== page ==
PSA/Peugeot-Citroen is embarking on a three-year plan to improve the quality of components from suppliers.

"We are not satisfied with the quality of our suppliers," the group's new purchasing chief, Jean-Philippe Collin, said in an interview with Automotive News Europe.

"Bad quality costs us a huge amount of money and that has got to change."

The 48-year-old Collin, who took office last July, previously headed purchasing at French electronics giant Thomson, and earlier worked for French auto supplier Valeo.

PSA wants its three-year plan to reduce the overall rate of faulty parts (usually measured in "parts per million" or PPM) by 25% every six months to the end of 2007. Mathematically, that would mean an 82% reduction by the end of the programme.

PSA is introducing a range of short- and long-term measures - 30 in total - to improve the performance of its 700 suppliers.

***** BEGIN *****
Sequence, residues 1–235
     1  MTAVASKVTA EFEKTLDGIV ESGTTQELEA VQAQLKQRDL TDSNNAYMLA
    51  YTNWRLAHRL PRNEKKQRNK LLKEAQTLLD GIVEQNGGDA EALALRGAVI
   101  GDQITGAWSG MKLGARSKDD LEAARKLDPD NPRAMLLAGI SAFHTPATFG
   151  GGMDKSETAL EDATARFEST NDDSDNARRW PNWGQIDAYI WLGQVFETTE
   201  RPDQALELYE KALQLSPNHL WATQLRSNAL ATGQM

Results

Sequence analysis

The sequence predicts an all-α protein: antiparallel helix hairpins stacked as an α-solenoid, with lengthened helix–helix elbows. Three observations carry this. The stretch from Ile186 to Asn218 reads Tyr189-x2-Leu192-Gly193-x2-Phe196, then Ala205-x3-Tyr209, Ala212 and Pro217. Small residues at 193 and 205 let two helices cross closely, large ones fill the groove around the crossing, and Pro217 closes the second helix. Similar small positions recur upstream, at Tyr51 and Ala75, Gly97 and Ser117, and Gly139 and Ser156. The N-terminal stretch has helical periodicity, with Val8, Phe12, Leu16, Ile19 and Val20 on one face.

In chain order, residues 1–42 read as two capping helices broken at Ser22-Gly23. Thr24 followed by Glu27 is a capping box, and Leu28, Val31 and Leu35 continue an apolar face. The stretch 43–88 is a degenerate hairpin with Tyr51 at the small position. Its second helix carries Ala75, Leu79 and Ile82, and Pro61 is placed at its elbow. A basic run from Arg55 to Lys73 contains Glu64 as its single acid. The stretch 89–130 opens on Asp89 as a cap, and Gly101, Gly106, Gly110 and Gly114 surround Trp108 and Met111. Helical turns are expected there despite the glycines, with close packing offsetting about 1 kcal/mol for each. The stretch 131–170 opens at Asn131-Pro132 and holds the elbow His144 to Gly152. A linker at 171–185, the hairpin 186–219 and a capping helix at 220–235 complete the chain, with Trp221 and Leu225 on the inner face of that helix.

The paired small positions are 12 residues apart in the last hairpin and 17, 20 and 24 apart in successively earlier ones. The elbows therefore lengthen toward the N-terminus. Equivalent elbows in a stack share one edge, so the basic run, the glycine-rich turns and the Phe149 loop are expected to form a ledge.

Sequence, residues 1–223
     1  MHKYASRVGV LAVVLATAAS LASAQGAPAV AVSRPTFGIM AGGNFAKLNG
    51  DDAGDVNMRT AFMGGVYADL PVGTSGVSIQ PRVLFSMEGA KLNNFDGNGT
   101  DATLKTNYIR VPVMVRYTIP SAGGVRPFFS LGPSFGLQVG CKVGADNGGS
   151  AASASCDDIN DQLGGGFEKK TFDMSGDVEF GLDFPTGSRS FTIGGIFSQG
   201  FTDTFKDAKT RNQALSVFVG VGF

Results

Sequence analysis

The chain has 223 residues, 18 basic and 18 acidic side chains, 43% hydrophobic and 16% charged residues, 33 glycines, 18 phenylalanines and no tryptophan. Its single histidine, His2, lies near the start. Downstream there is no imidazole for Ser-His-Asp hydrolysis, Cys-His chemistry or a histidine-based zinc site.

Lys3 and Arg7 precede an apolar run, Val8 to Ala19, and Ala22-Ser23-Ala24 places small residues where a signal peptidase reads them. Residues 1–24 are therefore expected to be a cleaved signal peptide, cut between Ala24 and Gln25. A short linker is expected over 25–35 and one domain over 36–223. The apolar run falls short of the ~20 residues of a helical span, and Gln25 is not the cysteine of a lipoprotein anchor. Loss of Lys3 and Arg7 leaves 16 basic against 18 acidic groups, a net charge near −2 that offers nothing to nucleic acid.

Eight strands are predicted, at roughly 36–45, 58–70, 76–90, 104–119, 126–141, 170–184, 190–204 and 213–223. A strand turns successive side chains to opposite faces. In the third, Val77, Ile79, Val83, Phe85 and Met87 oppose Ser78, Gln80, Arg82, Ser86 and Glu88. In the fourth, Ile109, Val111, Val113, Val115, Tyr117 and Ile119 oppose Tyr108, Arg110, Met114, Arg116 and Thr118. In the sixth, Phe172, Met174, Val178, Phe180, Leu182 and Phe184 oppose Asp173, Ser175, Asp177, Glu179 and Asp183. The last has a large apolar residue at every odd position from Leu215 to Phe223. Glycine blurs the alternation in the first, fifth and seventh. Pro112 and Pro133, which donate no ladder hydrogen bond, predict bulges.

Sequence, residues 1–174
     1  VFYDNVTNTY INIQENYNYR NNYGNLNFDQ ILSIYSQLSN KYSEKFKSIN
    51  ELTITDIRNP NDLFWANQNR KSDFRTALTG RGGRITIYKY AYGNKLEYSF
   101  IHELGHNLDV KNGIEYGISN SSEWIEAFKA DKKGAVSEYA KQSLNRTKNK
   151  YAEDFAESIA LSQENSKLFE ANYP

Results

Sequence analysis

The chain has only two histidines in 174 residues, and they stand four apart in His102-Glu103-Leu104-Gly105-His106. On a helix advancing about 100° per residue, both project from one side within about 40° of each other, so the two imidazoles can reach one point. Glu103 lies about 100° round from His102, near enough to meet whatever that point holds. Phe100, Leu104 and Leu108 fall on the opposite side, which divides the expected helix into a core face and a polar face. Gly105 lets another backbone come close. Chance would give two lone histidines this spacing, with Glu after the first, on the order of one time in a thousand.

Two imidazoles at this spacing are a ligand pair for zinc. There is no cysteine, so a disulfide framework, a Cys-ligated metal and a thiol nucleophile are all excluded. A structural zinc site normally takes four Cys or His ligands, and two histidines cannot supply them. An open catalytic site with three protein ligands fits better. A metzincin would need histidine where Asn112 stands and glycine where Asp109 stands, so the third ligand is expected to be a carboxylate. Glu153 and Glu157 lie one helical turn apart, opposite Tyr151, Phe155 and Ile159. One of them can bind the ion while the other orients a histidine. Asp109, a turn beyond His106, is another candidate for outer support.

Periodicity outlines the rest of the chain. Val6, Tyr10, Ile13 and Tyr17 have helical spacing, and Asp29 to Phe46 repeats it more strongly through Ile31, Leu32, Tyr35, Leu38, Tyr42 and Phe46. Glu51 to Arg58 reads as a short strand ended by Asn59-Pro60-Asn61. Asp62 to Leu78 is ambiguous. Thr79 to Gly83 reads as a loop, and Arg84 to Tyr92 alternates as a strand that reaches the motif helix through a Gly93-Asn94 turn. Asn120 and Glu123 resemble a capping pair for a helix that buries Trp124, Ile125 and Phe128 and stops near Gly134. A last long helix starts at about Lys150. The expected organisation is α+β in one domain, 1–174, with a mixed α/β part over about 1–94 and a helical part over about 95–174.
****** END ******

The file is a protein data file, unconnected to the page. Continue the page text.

PSA spends €22 billion a year on car components, and an additional €7 billion on other goods and services. Total PSA sales in 2003 were €54.2 billion.

Carmakers have increasingly outsourced components production in recent decades. Outsourced parts now typically represent 70% of the production cost of a car.

PSA plans to introduce 26 new models - not including restyled models - between January 2003 and December 2006.

The proliferation of car models in recent years increases the risk of defective components because it raises the total number of parts, said Collin.